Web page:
My Outboard Won’t Start! What to Check First
You’re all set to hit the water with family and friends, and the cooler and the skis and/or fishing rods are loaded up. But then you turn the key and … nothing!
So what do you do when your outboard doesn’t want to fire up? Before you dive headfirst into the toolbox, here’s what to check when you’re trying to diagnose an outboard that won’t start.
Troubleshooting Outboard Starting Problems Checklist
Outboard No-Start Check 1: Neutral
Check to see if the motor’s in neutral, as most outboards won’t start if the motor isn’t in the neutral position.
Outboard No-Start Check 2: Kill Switch
Check the kill switch if your outboard has one, because if it’s been pulled, the outboard won’t start.
Outboard No-Start Check 3: Battery Switch
Many boats are set up with a main battery switch to preserve battery power when the boat is not in use. If your boat has one, make sure the battery switch is set to the “on” position.
Outboard No-Start Check 4: Battery Cables
Inspect the battery cables first to make sure they’re securely connected.
Next, check for corrosion between the battery posts, the nut and the cables. If you have corrosion, disconnect the cables, clean everything with a wire brush, and use a battery terminal cleaner and protector to shield the connection from the elements.
Outboard No-Start Check 5: Battery Testing
If your motor still won’t start, check to see if the battery is good. Set a multimeter to DC volts, then connect it to the positive and negative side of the battery. You’re looking for a reading of about 12.5 volts, and anything below 12.2 volts is a half-charged battery. If it’s below 12 volts, the battery is pretty much done.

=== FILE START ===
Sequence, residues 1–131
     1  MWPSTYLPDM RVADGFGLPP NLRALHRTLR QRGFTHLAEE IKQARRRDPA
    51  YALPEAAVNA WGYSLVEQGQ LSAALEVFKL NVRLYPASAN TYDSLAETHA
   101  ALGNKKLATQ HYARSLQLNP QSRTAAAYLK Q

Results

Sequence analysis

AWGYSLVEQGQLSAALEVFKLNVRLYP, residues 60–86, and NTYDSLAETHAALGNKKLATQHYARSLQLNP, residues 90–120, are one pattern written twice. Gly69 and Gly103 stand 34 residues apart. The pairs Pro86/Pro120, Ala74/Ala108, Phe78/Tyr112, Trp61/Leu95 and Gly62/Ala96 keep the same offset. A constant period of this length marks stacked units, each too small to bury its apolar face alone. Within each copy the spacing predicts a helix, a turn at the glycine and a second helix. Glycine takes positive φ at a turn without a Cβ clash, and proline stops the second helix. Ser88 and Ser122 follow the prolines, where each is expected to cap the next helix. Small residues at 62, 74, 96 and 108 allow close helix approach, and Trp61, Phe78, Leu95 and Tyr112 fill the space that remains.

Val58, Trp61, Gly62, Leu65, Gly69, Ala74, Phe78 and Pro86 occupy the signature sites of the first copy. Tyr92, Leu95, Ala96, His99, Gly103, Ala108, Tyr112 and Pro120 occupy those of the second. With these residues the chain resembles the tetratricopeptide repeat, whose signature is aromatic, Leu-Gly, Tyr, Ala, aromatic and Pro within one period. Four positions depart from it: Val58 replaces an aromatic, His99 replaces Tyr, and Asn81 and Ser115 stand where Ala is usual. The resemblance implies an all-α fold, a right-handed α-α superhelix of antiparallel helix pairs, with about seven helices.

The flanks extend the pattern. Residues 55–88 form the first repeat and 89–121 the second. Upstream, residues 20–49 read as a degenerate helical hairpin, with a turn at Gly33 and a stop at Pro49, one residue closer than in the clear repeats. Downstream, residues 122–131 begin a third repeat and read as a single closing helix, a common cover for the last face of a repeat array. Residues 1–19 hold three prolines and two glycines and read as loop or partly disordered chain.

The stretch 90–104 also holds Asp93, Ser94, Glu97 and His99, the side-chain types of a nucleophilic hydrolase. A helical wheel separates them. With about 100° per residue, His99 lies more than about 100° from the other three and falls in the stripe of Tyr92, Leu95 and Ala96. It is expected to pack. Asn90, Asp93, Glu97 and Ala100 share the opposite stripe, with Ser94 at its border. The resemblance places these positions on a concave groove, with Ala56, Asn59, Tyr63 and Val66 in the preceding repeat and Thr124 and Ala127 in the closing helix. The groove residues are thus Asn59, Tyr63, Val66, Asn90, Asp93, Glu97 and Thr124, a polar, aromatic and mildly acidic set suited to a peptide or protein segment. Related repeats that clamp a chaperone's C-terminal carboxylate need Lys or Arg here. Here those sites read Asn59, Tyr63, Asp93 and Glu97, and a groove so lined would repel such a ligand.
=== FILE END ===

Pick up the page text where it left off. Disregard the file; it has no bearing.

Outboard No-Start Check 6: Exhaust
If the battery is good, check the exhaust next. There may be an obstruction preventing the engine from turning over.
Outboard No-Start Check 7: Fuel Lines
Check the fuel lines for kinks that might be restricting fuel flow. Also, make sure there’s fuel in the gas tank and the tank is primed. Otherwise, the motor may turn over but not start. If you can squeeze the priming bulb easily, it means it’s not moving fuel and you may have an obstruction in the line.
Outboard No-Start Check 8: Fuel Tank Vent
Check the fuel tank vent. If it’s obstructed, it’ll stifle the flow, as fuel can’t enter the tank to replace the fuel leaving the tank.
If you still can’t find the problem with your outboard’s no-start condition, you may be at the point where you can’t iron out your problems at the dock, and your troubles may be mechanical. One of the best diagnostic tests you can do is a compression test. It’ll give you some important clues about where to look inside the engine. Watch the video below to learn how to do an outboard compression test.